Wednesday, September 26, 2018

Thoughts on the previous versions of A STAR IS BORN - the 1937 version

With the forthcoming release of the latest incarnation of A STAR IS BORN, I thought I would go back and watch the prior versions to see which had fared better over time, and how the story has subtly shifted to reflect changing mores. In all of the movies, the story is broadly the same (SPOILERS FOLLOW!): a young talented woman dreams of becoming a star. She catches the attention of a famous older man who has already achieved that fame, and has indeed become jaded by it, falling into a cynical alcoholism. But whatever his own cynicism toward the industry, he believes in the ingenue's talent and wants her to attain that uncomplicated success that he hasn't been able to achieve for himself. They fall in love. She becomes successful. They marry.  In a pivotal scene, he drunkenly embarrasses her but she remains loyal to him, even to the point of being willing to give up her career to nurse him back to health. He cannot bear for her to make this sacrifice and commits suicide to allow her to be free.  In the famous final scene of the film, she arrives at her latest premiere, announcing herself as "Mrs Norman Maine" in his honour. At least this is what happens in the first two versions of the film - we'll discuss how the third version deviates from it later.

The original 1937 version of A STAR IS BORN remains my favourite and - to my mind - still holds up as a straightforward tragic drama and investigation of the corrupt Hollywood machine. The film's credentials are impeccable. It was directed by William A Wellman (THE PUBLIC ENEMY), based on a screenplay by THE Dorothy Parker, Alan Campbell, Robert Carso. The evocative score was composed by Max Steiner (CASABLANCA) and its technicolor photography was ground-breaking - achieving a more naturalistic feel than its predecessors and winning DP W Howard Greene (THE ADVENTURES OF ROBIN HOOD) the first ever Oscar for a technicolor film.  In front of the lens, the film stars Fredric March (THE BEST YEARS OF OUR LIVES) as the tortured actor Norman Maine and the sweetly sincere Janet Gaynor as his discovery, Esther Blodgett.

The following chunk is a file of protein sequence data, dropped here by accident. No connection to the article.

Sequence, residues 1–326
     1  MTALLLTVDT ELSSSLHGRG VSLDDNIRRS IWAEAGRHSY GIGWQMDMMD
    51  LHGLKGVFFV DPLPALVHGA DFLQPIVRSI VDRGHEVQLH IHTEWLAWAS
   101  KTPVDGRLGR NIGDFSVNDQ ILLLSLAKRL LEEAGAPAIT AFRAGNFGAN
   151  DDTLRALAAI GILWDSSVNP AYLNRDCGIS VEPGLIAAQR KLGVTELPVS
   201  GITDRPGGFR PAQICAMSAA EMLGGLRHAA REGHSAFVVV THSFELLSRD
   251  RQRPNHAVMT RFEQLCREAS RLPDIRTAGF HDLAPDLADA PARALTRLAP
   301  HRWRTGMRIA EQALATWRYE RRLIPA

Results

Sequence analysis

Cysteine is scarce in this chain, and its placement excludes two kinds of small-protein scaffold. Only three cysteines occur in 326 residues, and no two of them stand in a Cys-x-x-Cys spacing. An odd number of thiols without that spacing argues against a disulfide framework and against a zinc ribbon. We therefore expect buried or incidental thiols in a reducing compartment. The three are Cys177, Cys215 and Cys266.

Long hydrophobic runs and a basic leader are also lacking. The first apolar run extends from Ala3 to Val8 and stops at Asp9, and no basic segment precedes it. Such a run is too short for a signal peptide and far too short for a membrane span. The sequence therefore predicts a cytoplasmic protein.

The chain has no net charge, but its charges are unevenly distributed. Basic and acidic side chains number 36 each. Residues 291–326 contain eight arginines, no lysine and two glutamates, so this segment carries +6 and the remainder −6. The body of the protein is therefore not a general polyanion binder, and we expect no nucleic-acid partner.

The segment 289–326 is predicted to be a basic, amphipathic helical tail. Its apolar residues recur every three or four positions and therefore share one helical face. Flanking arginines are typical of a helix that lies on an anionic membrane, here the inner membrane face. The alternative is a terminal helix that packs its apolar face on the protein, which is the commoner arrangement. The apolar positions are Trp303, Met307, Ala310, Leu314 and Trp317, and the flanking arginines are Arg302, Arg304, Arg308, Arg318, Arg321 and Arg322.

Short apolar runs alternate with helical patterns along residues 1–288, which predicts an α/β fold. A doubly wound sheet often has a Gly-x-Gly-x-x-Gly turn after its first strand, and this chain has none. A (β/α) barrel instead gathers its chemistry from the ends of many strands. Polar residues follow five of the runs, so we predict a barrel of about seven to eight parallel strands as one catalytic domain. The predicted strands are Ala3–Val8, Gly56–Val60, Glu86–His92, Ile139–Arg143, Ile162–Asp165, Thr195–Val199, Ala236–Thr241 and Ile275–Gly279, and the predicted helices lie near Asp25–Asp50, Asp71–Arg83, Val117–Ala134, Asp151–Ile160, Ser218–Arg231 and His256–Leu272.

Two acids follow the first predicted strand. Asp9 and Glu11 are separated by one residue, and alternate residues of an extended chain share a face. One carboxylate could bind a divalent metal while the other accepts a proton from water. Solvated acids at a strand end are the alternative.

What I love about this version is that there's a real pathos in Fredric March's performance and while Gaynor is earnest she never looks like a pushover.  In fact the opening scene of this film has a rather gothic old relative warning her that she'll have to make sacrifices for fame, and though wide-eyed, Esther always seems open-eyed too.  This makes her marriage to Norman all the more heroic.  What's more shocking is his decision to take such an extreme decision at the end of the film.  It's as though he knows she'll never leave him so he has to leave her and allow her to flourish.  In that sense, it's the ultimate sacrifice.  What I also love about this is that the pure nobility of the act contrasts with what has also been a film about the fickle manipulation of Hollywood - the press agents, the paparazzi, the fakery.  And so there's an irony that these two lovers have married under their real names - deemed to ugly to be used in Hollywood -and that even when "Vicky" declares herself to "Mrs Norman Maine" she isn't really at all. Even that is a Hollywood construction. It makes the ending satisfyingly ambiguous or bittersweet.  She has become what he hoped, and what she hoped for herself, but she has necessarily compromised herself in the process, as the old woman warned her at the start. 

The 1937 version of A STAR IS BORN has a running time of 111 minutes. It won the Oscar for Best Original Story and an honorary award for its photography.

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